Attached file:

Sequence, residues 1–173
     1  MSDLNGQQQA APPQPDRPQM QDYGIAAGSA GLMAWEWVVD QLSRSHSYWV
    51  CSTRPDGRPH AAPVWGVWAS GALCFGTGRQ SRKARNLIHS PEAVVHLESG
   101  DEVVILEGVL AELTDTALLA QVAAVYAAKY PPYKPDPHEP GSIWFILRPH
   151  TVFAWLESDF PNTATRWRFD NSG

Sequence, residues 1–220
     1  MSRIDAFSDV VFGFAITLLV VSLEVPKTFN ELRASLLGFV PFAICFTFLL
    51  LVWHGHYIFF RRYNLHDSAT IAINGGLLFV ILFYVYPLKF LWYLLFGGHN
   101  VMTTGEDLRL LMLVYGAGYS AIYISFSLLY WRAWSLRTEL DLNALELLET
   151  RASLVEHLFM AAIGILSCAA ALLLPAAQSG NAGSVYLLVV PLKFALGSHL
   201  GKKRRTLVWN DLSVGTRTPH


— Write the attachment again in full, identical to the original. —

Sequence, residues 1–173
     1  MSDLNGQQQA APPQPDRPQM QDYGIAAGSA GLMAWEWVVD QLSRSHSYWV
    51  CSTRPDGRPH AAPVWGVWAS GALCFGTGRQ SRKARNLIHS PEAVVHLESG
   101  DEVVILEGVL AELTDTALLA QVAAVYAAKY PPYKPDPHEP GSIWFILRPH
   151  TVFAWLESDF PNTATRWRFD NSG

Sequence, residues 1–220
     1  MSRIDAFSDV VFGFAITLLV VSLEVPKTFN ELRASLLGFV PFAICFTFLL
    51  LVWHGHYIFF RRYNLHDSAT IAINGGLLFV ILFYVYPLKF LWYLLFGGHN
   101  VMTTGEDLRL LMLVYGAGYS AIYISFSLLY WRAWSLRTEL DLNALELLET
   151  RASLVEHLFM AAIGILSCAA ALLLPAAQSG NAGSVYLLVV PLKFALGSHL
   201  GKKRRTLVWN DLSVGTRTPH